Leaving Silicon Valley

Tom Paine

Houston campus when completed Source: HPE

Hewlett Packard Enterprise, one of the successor companies to the original Hewlett-Packard Co., which was the very archetype of Silicon Valley’s iconic image, is picking up its headquarters and moving east to Houston. The original company, founded in 1939 in a Palo Alto garage, began by building electronic instruments used in the World War II effort.

Stories are beginning to multiply of companies and individuals leaving the Valley for emptier fields, spurred on by the high cost of living and less need of geographic proximity because of the Covid-19 effect.

An individual case is that of Rob Hayes, one of the earliest partners of First Round Capital, dating back to 2006. Hayes built much of First Round’s west coast presence, and is credited with its investments in Uber (one of the most successful in VC history), Square and Mint. In 2018 he announced he was stepping back from his investing partner role to being a board partner, which would give him more flexibility .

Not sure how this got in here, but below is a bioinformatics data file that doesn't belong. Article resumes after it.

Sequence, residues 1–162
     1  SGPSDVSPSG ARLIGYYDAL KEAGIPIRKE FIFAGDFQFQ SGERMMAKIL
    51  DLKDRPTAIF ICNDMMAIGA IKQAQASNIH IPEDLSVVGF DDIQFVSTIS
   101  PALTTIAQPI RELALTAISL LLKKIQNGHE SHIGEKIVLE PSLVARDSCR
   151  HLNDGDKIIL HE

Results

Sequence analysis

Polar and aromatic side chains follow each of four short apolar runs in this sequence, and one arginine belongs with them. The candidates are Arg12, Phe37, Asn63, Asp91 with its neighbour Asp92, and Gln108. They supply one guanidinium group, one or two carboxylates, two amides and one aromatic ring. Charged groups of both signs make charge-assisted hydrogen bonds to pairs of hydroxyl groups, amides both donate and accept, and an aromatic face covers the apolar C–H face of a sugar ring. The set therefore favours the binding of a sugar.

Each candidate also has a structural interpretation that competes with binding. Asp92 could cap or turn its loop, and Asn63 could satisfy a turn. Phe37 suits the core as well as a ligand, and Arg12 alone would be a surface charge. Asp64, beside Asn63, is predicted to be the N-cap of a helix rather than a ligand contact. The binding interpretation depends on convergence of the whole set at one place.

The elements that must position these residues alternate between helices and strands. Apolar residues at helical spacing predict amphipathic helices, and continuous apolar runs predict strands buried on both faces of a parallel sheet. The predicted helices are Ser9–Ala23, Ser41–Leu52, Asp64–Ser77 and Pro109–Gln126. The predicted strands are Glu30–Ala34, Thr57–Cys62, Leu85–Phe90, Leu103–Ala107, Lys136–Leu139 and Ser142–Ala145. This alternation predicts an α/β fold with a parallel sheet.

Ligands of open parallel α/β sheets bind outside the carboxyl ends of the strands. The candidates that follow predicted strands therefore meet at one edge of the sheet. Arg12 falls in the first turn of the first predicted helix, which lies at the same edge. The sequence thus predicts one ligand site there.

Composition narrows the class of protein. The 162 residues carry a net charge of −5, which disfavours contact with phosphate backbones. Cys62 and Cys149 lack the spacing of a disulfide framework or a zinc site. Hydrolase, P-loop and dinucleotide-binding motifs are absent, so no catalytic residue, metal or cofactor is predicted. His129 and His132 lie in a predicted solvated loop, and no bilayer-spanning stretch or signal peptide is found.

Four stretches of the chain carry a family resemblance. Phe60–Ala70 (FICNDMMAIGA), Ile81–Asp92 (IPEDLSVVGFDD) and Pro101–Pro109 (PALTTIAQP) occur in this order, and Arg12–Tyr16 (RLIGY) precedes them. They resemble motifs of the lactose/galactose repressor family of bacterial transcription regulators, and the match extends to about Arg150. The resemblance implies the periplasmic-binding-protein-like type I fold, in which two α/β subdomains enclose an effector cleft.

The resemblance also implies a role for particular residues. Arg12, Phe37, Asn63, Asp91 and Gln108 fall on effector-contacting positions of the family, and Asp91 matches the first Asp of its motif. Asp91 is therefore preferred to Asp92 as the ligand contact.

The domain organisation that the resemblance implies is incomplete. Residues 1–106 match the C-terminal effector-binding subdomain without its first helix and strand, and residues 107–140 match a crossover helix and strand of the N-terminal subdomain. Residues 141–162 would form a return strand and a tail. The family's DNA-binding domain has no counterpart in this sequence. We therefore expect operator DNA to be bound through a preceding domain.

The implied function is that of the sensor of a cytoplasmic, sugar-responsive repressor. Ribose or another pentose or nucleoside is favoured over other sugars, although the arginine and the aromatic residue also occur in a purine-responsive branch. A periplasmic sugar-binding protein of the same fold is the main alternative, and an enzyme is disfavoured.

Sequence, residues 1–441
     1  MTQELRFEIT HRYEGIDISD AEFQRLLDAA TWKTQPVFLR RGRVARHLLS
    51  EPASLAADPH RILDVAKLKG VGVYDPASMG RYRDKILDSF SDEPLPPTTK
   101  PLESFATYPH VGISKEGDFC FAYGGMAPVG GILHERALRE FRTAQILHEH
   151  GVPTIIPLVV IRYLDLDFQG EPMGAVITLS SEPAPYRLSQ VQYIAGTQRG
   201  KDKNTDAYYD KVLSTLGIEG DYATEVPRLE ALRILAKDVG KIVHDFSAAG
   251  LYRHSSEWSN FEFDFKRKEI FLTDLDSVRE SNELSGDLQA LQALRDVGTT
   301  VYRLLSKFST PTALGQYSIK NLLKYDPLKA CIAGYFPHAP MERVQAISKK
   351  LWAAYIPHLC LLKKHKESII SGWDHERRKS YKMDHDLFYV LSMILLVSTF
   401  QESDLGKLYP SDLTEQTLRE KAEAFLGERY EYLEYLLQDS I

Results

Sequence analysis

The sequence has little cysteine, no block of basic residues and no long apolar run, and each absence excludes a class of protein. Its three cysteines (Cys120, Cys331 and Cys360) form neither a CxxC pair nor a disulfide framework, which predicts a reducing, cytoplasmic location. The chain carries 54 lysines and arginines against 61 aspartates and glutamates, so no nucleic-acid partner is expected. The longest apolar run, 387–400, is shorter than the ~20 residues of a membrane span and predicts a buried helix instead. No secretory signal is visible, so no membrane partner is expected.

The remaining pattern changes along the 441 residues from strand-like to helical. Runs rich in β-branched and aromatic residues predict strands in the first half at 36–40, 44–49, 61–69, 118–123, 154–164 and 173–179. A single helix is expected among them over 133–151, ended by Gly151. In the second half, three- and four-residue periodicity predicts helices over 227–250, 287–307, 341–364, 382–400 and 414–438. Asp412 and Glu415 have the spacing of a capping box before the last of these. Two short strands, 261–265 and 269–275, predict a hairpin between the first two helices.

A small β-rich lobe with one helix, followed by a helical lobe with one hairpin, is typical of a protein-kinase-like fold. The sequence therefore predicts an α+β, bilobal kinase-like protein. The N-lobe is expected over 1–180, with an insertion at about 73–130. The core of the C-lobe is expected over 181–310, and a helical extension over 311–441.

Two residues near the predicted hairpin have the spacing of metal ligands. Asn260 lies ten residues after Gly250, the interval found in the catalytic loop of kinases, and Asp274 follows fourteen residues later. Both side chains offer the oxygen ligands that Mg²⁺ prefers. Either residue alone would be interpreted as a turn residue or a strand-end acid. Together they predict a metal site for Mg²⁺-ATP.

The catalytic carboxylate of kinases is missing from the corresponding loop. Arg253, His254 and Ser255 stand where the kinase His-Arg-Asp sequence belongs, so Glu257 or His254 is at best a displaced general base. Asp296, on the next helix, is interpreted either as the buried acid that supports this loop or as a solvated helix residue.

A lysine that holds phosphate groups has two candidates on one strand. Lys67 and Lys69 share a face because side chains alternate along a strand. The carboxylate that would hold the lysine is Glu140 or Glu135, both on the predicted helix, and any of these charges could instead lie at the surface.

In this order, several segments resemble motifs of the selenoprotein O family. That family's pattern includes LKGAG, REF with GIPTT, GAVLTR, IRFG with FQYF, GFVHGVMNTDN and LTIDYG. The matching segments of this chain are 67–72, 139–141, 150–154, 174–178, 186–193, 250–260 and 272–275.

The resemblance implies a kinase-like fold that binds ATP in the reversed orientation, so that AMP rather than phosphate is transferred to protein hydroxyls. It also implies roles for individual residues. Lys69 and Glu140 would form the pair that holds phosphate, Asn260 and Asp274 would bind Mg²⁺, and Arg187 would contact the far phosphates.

Recently I picked up on Twitter that Hayes was in Philadelphia, having apparently moved his family there. I reached out to him on LinkedIn but haven’t received a response. . Rob is a west coast person as far as I can tell, getting his undergrad degree from Cal Berkeley. He came east to attend Columbia Business School, where he received an MBA and currently serves on its Board of Overseers. I don’t have a clue why he is living in Philly, and whether it has something to do with First Round. But being drawn to Philly is opposite to the usual route.

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